Outlook: A deal that smacks of management ego

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The Independent Online
SIR GEOFFREY MULCAHY, chief executive of Kingfisher, does like a deal, doesn't he? Everyone else is busy dismantling the conglomerates of yesteryear, but Sir Geoff seems intent only on building up a new one. And strangely enough, the City seems to like the idea.

Admittedly Sir Geoff is confining his ambitions to retailing, but what a hotch potch of different retailers he's assembling - Woolworths, Superdrug, the B & Q and Castorama DIY chains, Darty, an French electrical retailer, and now, if all goes according to plan Asda as well. Is the City right to be backing this curiously unfashionable adventure in retail diversity.

The test of any merger has to be whether one and one adds up to more than two. Just occasionally there are good defensive reasons to merge which might justify a dispensation from this test, but such cases are usually pretty desperate ones.

To his credit, Sir Geoff has so far proved himself reasonably adept at managing businesses across the retail sector, despite a wobbly mid term patch when he had to sack his friends and split his role in order to remain at the helm. On the other hand, it is not readily apparent that Asda needs much in the way of management. Its recovery from basket case is now fully complete and it is now well established in third place in the supermarkets league table.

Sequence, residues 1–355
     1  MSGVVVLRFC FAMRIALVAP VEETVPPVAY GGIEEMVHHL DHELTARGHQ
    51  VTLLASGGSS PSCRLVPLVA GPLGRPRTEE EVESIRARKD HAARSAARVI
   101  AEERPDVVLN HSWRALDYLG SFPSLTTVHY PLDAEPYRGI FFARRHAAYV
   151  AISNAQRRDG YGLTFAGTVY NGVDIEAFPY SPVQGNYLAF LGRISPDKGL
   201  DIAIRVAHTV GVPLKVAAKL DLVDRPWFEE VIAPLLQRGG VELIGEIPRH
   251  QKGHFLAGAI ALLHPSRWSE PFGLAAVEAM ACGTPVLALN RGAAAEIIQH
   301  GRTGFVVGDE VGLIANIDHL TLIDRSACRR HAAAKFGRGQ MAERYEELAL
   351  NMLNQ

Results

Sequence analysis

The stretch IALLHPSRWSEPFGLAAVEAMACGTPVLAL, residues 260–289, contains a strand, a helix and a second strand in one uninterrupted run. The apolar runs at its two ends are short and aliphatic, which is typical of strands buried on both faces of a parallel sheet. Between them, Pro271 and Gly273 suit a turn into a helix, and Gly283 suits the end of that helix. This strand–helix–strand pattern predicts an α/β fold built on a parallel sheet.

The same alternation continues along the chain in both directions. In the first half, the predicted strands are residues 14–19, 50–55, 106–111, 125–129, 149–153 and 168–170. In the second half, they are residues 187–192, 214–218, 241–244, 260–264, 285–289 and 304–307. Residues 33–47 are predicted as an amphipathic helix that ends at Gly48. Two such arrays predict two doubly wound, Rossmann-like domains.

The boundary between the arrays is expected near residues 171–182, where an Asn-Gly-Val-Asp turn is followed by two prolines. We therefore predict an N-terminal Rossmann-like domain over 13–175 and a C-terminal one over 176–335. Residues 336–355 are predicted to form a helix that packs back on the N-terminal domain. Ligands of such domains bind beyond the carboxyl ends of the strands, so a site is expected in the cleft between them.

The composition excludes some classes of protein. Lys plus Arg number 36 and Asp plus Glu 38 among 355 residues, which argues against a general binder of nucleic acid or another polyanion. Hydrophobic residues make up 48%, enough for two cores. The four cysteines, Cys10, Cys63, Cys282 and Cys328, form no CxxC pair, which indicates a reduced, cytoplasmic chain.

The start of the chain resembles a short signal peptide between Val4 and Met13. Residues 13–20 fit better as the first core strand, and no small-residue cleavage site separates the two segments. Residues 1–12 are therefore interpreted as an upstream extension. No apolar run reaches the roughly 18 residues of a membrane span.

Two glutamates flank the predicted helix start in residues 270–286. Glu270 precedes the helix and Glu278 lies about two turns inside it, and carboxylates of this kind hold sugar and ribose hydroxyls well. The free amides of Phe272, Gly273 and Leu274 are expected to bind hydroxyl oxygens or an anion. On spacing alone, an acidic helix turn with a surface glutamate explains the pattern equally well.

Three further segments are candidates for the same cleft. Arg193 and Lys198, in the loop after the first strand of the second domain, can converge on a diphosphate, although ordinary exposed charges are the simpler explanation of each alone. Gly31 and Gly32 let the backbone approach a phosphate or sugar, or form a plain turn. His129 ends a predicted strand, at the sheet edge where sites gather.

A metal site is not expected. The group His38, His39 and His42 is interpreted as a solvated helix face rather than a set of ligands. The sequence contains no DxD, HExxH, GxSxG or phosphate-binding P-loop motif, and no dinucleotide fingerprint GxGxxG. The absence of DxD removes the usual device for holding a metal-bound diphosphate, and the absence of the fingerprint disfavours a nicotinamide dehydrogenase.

Plainly there will be some buying power benefits to be had, but because these two companies are in different areas of the retail market, they are unlikely to be significant. Cross selling opportunities are also likely to be quite limited in scope, at least in the short term. So what's the point of this deal?

Eventually there will be a succession problem at Kingfisher. Sir Geoff has a few good years left in him yet, but there is no obvious successor. Still in his early forties, Allan Leighton, chief executive of Asda, would provide a top drawer replacement. However, a company's need for an heir apparent is not in itself a good reason to merge.

Simple observation tells you that big companies are always fatter and less efficient than smaller ones, but plainly there are some advantages in size for the sake of it. From buying power to cost of capital, large companies have a quite considerable competitive advantage over smaller ones. It is very much Sir Geoff's view that the increased price transparency and enhanced competition of European retailing caused by the single currency means that size will become all important.

Once again, however, it is questionable that bringing together a number of very different retailing formats to produce that size brings about the economies of scale Sir Geoff seeks. Nonetheless, in terms of market capitalisation, Kingfisher will end up bigger that Marks & Spencer, Sainsbury and Tesco. In terms of sales too, Sir Geoff will be up there at the top.

That's quite a badge to wear on your lapel, but whether in the end this merger does any more than provide an antidote to management boredom, or indeed really amounts to much more than the pursuit of prestige and size for the sake of it, is open to question. It seems unlikely the City will oppose this marriage, but the betting must be that 10 years down the line the merchant bankers will be earning their fee for the second time round - by dismantling this grand folly.